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Meet the St. Paul guy who traded dreams of the law for life on the water

August 3, 2023   StarTribune

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Lee Nelson has made a career of connecting the capital city to the world through the Mississippi River. 

By  Star Tribune


AUGUST 3, 2023 — 5:30AM


Lee Nelson

Lee Nelson didn't want this story to be about him.


He wanted it to be about the Mississippi River and the role his company, Upper River Services, plays in helping make the part of the river that runs through St. Paul a vital cog in the nation's commercial transportation network.


The Mississippi is not only the reason St. Paul came to be, but its role in commercial navigation links the region's farmers to markets around the world. Eye On St. Paul recently visited Nelson at his office on the river to learn how he started his career and why he thinks towboats and barges will have a role to play for years to come.


This interview was edited for length.


Q: How long have you been working with the river?

A: I guess technically since I was in college. In 1979.

Q: What drew you to the river?


A: I started working on the Padelford [riverboat] when I was in college. I had always intended on law. Fell in love with the river and all the history about the river. After my undergrad, I took a year off — after undergrad and before law school. My year hasn't ended yet.


Q: Did you work on the river for that year?

A: No. I had a variety of different jobs: substitute teaching, spent the summer working on the Padelford and then did various things throughout the next year.  Got a call the next spring and was asked if I wanted to work, since I had a license, on the excursion boats. I started on the excursion boats, then went to work on the towboats the following spring, thinking I would learn some of the tow boating industry and I would use that in a career in maritime law.


Q: So you were still thinking law school. What was your degree in?

 A: Political science.


Q: What made you decide this is what you wanted to do instead of going to law school?

A: After I spent a few years learning different aspects of this — worked on the boats, got my license to be a pilot and captain — I decided it was time to move on and got a chance to work in the office. I thought it would be good to work in the business side too.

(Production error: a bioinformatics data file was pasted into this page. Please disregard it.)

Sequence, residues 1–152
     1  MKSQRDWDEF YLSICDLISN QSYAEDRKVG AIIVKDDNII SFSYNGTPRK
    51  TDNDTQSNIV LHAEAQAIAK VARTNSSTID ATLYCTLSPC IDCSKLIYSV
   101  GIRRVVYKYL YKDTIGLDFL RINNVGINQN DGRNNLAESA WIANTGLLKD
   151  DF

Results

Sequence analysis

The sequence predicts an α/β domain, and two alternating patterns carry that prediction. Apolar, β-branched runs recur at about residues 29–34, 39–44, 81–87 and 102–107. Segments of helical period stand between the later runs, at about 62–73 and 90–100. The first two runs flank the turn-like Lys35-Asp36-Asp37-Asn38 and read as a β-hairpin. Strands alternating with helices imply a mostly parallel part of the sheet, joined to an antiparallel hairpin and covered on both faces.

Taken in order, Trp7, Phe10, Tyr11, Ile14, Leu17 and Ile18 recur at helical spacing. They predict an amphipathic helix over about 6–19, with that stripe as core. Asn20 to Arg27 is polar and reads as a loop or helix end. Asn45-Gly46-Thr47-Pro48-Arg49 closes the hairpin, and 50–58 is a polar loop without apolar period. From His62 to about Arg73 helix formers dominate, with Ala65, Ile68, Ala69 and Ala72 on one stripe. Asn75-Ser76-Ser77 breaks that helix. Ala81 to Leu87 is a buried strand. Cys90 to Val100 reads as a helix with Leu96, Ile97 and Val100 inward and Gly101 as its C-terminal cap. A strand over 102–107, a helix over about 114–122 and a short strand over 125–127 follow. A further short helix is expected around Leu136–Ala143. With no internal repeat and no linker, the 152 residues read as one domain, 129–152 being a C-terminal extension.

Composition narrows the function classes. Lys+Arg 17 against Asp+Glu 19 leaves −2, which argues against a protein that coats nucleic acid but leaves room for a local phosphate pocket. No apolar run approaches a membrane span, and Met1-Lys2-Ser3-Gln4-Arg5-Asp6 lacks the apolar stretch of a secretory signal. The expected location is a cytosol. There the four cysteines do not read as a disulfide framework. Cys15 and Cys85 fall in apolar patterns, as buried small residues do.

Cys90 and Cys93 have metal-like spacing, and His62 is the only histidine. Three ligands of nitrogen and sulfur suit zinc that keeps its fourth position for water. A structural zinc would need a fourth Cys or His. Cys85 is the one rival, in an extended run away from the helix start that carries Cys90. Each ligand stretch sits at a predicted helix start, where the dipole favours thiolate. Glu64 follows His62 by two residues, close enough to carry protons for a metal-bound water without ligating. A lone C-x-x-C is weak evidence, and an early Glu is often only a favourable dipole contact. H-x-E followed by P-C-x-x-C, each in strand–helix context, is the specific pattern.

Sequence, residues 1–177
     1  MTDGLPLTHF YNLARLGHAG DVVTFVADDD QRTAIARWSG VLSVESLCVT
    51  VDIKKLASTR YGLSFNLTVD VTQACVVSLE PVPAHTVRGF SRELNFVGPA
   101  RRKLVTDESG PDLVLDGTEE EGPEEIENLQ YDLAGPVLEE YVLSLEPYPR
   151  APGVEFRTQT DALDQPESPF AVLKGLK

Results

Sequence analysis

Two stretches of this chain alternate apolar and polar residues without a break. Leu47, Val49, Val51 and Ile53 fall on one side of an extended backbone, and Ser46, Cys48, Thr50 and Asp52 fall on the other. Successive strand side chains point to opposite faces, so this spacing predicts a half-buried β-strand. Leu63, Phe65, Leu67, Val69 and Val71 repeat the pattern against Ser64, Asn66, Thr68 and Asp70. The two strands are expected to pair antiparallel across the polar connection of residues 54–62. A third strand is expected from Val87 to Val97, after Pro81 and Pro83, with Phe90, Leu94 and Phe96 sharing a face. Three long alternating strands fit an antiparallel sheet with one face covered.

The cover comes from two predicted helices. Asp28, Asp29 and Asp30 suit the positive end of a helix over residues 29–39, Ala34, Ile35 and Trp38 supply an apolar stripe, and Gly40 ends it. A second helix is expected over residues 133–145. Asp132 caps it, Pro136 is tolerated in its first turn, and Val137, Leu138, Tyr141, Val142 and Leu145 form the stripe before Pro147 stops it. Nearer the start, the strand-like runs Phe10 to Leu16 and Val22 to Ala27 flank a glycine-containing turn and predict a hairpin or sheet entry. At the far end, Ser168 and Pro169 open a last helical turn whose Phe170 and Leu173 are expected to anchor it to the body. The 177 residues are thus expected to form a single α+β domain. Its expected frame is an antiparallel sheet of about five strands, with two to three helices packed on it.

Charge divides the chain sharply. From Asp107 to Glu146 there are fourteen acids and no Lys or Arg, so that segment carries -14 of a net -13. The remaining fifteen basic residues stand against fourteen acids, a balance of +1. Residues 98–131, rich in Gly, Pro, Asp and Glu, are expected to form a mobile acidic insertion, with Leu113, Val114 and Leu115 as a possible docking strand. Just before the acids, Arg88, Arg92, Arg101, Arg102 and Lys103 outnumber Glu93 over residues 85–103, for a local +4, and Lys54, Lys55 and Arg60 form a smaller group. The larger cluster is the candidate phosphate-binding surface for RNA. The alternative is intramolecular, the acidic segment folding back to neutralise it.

Opportunities presented themselves that I could learn more and more and move up in the industry. And I like what this industry does. It's good for our society. It is the most efficient means of moving bulk commodities — both economically and environmentally. I think that's important today.


Q: Tell me about the industry.

A: Commercial navigation.


Q: And your part is on the Mississippi River?

A: We're tied to all the inland waterways, and we are not only part of an inland waterways system but we're also part of an intermodal system. Rail, road and water. Moving corn to an elevator from a farmer's fields — they don't do it in a pickup. They do it with a semi because you can take more with one vehicle.


Q: Tell me about that chain. So, from the farmer's fields to the elevator by semi?

A: Next, from the elevator by rail. You can stick four of those semis in every railcar. And you pull more railcars with fewer engines and fewer emissions.


Q: And those trains come to the river?

A: What would be 70 of those semis goes into each barge. We're handling at that point 1,500, 1,600 tons in each barge. And then we move several barges with a single boat.


Q: And those barges go where from here?

A: The reason commercial navigation got to the Twin Cities was agriculture. We bring the fertilizer in that goes out into the fields [upriver] and we take the crops that they grow and send them down to the Gulf for export throughout the world. We also bring cement in, that is made in Missouri and Iowa, and is brought in here by barge and used to build our roads and sidewalks and foundations. We bring limestone in from Iowa that is crushed and used as the grit in asphalt shingles.


Q: Will there be a time that the river won't be part of that system?

A: No, because there's not another mode that avoids the friction. To explain that to people, I say what if I had a 14-foot rowboat sitting on the lot out there. And I told somebody to move it 25 feet, how well do you think they'd do?


Q: On the ground? Not very well.

A: They might get it there eventually, but it would be a lot of work. But if I put that boat in water and say move it 100 feet, how well do you think they'd do? We measure movement of freight in ton miles — how many miles can we move one ton on one gallon of fuel. By truck it's something like 154 miles, which is pretty efficient. Rail is like 476. Barges is 672, I believe.


Q: Is St. Paul the farthest north for barge traffic?

A: The St. Paul harbor is. We no longer go to Minneapolis. But we do go out to Savage, up the Minnesota River 15 miles. St. Paul is as far as large tows go. We call a group of barges that are lashed together and are moved by a single boat a tow.


Q: Do locks and dams control the river?

A: We do our best to work with it and understand it. If you think you're going to control it, you're in for a big letdown. Mother Nature's going to do what Mother Nature wants to do.


Q: When is your shipping season?

A: Typically, mid-March to around Thanksgiving.


Q: Have you read "Life on the Mississippi" by Mark Twain?

A: I have not read the whole thing, but I've had some Twain-y times in my life.


Q: What does that mean?

A: I've had some opportunities to travel some places Twain traveled. And I've gotten the opportunity to work on a river. A long, long time ago, I worked on a sternwheeler. It was amazing.